Report from John Hepp, Jr., April 2006

Report from John Hepp, Jr., April 2006

Nature of My Ministry
In the Past. After graduating from Dallas Theological Seminary in 1956, I served awhile as interim pastor in a Hispanic church in Dallas. Later my wife Billie and I were asked by Central American Mission (now CAM International) to help begin a Bible School in Puebla, Mexico. By early 1959 we had moved there, where we worked in Spanish for twelve school years. That school (Instituto y Seminario Biblico) continues today.

In 1971 I accepted a call from TEAM to develop a Bible school curriculum in English, called LIT International (Leadership Instruction & Training). On college-entry level, LIT was carefully designed for self-study by students abroad who have learned English. Hundreds have studied LIT courses in India, Trinidad, and elsewhere. The first courses were nearly all based on existing texts; later we began to write our own texts. From Van, Texas I have written and/or edited all the extant courses. I continued this project until recently, even after it was transferred to Source of Light Mission and after I retired from TEAM. Currently LIT’s future is in doubt.

In the Present.
 Billie was taken to be with the Lord on February 6, 2006. I had the privilege of ushering her through her final illness and death, which glorified the Lord, as she wished. Every day now finds me deeply grieving my loss.

However, I must consider why the Lord left me behind. Probably one reason was for me to finish writing more Bible studies that show the unity of God’s revelation. Therefore, I have just finished my Survey of Romans while teaching that epistle to some teachers. It is available on the website my son Brad has set up: I chose that title because the kingdom is the Bible’s major theme in both testaments. My general study of the kingdom (to be revised soon) shows how it ties the Bible together. I understand the kingdom the same way George N. H. Peters, Alva McClain, and Stanley D. Toussaint do. This view comes from the Bible itself, not from modern theology, which is often “christoplatonic” (Randy Alcorn’s word).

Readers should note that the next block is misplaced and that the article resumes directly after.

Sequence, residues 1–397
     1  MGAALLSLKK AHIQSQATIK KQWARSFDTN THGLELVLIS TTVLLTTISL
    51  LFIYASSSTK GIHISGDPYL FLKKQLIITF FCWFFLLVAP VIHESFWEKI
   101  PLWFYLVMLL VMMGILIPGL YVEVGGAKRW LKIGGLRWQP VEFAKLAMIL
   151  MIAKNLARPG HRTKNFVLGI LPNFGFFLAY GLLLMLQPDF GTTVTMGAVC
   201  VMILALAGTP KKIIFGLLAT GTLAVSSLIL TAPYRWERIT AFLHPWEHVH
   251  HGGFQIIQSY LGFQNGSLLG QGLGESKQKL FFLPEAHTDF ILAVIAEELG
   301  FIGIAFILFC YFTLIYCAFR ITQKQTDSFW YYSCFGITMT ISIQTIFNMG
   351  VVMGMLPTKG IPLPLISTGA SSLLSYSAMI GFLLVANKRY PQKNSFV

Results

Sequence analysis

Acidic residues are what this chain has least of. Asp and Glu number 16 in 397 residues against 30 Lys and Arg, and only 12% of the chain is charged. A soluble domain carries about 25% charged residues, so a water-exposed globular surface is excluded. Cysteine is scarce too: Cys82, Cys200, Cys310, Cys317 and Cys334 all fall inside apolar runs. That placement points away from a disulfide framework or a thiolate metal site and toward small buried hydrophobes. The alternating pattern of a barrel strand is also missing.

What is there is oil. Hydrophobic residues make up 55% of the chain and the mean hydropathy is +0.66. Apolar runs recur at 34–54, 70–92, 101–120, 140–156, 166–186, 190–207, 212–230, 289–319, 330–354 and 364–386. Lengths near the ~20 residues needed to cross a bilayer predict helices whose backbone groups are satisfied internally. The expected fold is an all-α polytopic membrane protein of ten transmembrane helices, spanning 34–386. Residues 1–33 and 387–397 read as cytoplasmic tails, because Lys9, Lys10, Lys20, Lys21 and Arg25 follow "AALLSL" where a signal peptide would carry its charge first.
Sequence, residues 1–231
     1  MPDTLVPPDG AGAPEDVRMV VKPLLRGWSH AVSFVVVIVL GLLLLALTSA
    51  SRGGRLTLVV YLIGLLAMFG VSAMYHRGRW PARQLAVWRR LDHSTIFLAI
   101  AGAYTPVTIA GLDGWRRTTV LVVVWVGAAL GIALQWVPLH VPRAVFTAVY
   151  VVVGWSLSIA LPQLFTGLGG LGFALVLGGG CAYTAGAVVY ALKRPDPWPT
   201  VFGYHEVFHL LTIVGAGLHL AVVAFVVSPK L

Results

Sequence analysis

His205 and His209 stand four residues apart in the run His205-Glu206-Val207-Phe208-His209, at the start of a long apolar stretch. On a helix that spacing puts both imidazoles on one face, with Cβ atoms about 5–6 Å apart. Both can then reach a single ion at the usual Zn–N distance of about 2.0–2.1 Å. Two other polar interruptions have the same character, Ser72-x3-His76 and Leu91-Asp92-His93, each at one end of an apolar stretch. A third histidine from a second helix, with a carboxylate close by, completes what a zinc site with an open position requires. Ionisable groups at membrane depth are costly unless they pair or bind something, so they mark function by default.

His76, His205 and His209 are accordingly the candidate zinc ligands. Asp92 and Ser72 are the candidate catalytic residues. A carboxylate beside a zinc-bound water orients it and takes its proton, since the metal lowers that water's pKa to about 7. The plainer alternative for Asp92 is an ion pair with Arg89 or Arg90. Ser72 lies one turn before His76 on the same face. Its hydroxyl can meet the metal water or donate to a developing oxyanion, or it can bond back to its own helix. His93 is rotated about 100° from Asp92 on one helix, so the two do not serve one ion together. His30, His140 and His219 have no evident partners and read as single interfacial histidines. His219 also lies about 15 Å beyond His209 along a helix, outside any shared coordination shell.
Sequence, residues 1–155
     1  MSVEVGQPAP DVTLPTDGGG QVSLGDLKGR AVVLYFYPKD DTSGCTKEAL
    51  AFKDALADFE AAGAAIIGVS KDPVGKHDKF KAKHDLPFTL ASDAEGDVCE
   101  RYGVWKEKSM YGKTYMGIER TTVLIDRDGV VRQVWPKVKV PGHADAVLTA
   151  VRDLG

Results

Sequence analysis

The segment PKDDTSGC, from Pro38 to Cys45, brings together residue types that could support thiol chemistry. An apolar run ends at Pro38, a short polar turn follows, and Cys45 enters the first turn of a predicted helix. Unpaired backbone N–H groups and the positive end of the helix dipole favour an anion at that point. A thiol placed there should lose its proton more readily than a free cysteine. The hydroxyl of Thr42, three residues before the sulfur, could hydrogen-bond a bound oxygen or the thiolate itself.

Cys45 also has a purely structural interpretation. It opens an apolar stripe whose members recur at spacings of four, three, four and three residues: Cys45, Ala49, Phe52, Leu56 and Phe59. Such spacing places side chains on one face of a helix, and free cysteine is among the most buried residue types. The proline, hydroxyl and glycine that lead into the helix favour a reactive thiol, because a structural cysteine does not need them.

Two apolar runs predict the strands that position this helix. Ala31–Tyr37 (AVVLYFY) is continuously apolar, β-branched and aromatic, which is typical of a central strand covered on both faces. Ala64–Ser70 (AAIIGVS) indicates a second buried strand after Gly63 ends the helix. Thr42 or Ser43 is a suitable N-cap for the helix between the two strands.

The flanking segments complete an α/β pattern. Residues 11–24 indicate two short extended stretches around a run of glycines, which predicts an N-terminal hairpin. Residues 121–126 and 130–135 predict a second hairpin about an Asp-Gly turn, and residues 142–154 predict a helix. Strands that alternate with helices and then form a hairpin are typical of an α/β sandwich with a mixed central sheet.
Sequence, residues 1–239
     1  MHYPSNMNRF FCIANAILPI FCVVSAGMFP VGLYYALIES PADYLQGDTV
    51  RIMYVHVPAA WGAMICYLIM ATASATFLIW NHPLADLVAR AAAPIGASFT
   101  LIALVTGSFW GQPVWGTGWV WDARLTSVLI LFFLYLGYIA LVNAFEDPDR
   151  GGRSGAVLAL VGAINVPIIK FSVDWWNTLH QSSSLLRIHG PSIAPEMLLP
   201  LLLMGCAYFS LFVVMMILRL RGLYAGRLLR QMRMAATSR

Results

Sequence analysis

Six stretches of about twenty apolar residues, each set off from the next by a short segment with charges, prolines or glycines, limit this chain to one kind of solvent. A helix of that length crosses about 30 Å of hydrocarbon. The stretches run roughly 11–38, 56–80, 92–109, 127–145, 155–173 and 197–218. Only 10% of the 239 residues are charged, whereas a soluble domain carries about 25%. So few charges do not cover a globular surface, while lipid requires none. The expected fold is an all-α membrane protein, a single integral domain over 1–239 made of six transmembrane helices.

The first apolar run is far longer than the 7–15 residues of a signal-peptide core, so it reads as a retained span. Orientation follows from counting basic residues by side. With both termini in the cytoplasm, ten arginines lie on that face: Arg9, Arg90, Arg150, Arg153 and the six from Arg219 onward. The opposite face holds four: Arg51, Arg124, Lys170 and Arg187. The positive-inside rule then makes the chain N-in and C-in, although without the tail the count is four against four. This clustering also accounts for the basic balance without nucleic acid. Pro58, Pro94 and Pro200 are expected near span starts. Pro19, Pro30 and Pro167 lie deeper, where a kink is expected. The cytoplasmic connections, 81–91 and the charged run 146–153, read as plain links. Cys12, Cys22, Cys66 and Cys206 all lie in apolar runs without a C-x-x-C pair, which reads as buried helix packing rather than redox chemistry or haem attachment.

Fairly Recent Modifications of My Doctrinal Views
In general my theological framework has not changed; it is built on “literal” (normal) interpretation of Scripture. In details, however, I have modified and sharpened many views, as every constant Bible student and writer will do. Consider the last part of each of these three examples.

  • As promised, God will give the nation of Israel a glorious and eternal future. First they will repent and Messiah will baptize them in the Spirit, as He does us now. Echoing the Old Testament, that baptism was promised for Israel in all four Gospels and Acts. In our case it makes us part of Messiah’s body, the ekklesia, which will rule with Him forever. Will it do the same for Israel? Of course!
  • In Isaiah 65 and 66 “new heavens and new earth” describes even the first stage (the millennium) of the coming eternal kingdom. Therefore, we must not assume that it refers only to the perfected stage of that kingdom (that is, after the millennium) in 2 Peter 3 and Revelation 21.
  • The Book of Romans was not written to present the gospel to the unsaved. That is done quite well in the four Gospels and Acts. Instead, the theme of Romans is the power of the gospel —not what it is but why it works!

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